The war in Ukraine sparked the concern of alternative sources of information in the EU Eastern neighborhood countries. In January, 2015 the European Parliament encharged the EU with a task “to pay particular attention to the “information war” pursued by Russia and ask the Commission to propose, within two months, a communication strategy to counter the Russian propaganda campaign directed at the EU, its eastern neighbours and Russia itself.” Sometime after that the start-up East StratCom Team was launched in April in order to ensure the “effective communication and promotion of EU policies and values towards the Eastern neighbourhood.” For the record, the Disinformation Review and Disinformation Digest are projects that collect, analyze and publish on a weekly base examples of pro-Kremlin disinformation attacks they receive from more than 30 countries, which do not constitute an official EU position. Some EU member states such as Denmark and Latvia are planning to launch a Russian-language broadcast and discussed the initiative to create a Russian-language TV channel. The EU Action Plan on Strategic Communication states that “the EU will ensure that communication materials and products are available in local languages, notably in Russian”, there is a possibility now for the Russian-speaking populations, the geographic reach of which covers mostly the post-soviet space, to perceive alternative information sources in Europe in Russian language. Altogether, the European mobilization to fight against the informational propaganda machine is operating at two fronts: diminishing the Russian propaganda “appetite” and signaling other states that possible practices will be suppressed.
Screenshot of the @EUvsDisinfo Twitter-account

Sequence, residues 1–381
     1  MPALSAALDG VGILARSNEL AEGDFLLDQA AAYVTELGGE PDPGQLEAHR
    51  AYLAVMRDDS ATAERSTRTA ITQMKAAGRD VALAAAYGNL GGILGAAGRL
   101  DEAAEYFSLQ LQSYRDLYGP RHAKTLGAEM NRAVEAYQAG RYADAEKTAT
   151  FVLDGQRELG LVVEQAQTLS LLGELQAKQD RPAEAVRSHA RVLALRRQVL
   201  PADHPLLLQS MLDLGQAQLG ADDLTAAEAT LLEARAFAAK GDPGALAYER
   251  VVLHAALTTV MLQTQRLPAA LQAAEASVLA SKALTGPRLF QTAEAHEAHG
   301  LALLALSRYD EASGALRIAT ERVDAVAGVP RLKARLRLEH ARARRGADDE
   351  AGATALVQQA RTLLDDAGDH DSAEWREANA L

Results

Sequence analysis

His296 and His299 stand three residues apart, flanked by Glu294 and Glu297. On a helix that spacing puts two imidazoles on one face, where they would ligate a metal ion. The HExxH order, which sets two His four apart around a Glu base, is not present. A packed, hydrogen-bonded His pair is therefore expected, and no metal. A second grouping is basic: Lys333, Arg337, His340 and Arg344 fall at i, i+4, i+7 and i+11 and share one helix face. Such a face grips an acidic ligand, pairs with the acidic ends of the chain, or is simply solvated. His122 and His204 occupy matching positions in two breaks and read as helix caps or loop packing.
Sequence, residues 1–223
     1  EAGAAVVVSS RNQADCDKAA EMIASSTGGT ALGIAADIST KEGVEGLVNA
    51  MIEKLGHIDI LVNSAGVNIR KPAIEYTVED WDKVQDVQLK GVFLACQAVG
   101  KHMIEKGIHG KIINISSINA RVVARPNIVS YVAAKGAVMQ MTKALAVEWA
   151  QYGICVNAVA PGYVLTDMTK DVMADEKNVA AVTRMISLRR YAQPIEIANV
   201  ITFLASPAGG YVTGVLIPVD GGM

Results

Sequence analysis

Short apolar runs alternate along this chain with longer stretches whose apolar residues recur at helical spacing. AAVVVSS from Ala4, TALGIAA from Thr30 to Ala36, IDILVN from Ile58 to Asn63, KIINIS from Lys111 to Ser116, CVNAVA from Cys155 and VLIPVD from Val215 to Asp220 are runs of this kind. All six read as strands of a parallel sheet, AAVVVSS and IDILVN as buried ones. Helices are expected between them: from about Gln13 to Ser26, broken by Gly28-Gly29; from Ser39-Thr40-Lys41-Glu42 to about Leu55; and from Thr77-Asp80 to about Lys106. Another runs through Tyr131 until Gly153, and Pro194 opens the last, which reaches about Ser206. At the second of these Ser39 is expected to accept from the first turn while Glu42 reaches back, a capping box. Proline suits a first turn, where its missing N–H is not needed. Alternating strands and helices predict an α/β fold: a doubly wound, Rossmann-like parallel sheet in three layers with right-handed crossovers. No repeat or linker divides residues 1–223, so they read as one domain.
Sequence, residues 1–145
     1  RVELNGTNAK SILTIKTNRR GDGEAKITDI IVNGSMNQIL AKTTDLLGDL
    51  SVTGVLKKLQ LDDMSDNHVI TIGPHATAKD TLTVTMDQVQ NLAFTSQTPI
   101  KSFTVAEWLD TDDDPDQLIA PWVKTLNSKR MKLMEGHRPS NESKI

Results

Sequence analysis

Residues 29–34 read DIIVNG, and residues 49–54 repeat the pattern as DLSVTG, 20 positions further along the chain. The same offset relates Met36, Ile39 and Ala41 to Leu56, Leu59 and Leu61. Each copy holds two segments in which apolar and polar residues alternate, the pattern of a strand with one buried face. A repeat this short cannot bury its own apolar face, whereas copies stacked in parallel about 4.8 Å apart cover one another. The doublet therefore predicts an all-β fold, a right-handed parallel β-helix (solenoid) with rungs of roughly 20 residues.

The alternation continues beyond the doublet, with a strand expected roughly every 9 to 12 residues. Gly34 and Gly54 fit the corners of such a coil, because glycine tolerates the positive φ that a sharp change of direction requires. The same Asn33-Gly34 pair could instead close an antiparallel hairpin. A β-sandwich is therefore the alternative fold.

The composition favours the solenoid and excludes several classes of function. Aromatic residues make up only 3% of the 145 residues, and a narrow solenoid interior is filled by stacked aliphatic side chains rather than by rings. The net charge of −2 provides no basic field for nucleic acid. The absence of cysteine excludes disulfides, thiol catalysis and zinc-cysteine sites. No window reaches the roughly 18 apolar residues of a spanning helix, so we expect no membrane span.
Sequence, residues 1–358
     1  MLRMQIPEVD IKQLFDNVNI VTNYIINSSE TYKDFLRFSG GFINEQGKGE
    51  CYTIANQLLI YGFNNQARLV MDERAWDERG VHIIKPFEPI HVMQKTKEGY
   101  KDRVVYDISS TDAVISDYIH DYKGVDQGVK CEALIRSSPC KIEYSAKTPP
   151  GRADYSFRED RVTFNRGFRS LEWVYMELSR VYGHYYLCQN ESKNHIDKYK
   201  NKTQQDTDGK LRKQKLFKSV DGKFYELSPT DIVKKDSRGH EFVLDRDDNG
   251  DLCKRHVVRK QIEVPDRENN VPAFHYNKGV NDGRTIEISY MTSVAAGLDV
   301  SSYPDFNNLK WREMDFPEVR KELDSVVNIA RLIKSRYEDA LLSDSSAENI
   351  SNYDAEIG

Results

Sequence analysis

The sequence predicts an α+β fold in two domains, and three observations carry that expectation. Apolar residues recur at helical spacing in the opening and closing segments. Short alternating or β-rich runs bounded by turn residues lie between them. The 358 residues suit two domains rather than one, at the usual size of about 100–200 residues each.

Does Kazakhstan need to tackle this problem too?
Critically speaking the presence of foreign media is not so benign, as might appear to everyman. In the region’s context, one prominent case is worthy of scrutiny: the Crimea crisis. In the case of Russian and Western mass media influence, Kazakhtani media might find it difficult to compete with foreign information and entertainment products. I assume that multicausality is the norm, as not only the dominance of the Russian media in Kazakhstan, but the weak support of the government to ensure the opinions’ plurality, journalism’s bias, lack of resources, absence of legal basis and other factors contribute to the information dependence. Therefore, there is a strong need of re-evaluation the Kazakhstani information policy and further investment in the national media companies (not the state-owned only) so to develop more professional and competitive media within the national borders. What is more to the point and worth mentioning here is that this media specific concern should be perceived as a zero-sum game that might lead to losses of one party, on the one hand, and gains of another. Even though it is hard to eradicate the battle of hearts and minds, it is relevant to step up our efforts to diminish the losses and get off on the right foot answering with effective policy.
Lakoff, George. 2009. The Political Mind: A Cognitive Scientist’s Guide to Your Brain and Its Politics. Reprint edition. New York: Penguin Books.
Minsky, Marvin. 1974. “A Framework for Representing Knowledge.” http://220.127.116.11/handle/1721.1/6089 (March 26, 2016).
Nye, Joseph S. 2005. Soft Power: The Means to Success in World Politics. New Ed edition. New York: PublicAffairs,U.S.
Swanström, Niklas. 2010. “Traditional and Non-Traditional Security Threats in Central Asia: Connecting the New and the Old.” China and Eurasia Forum Quarterly 8 (2): 35-51
Written by Madina Bizhanova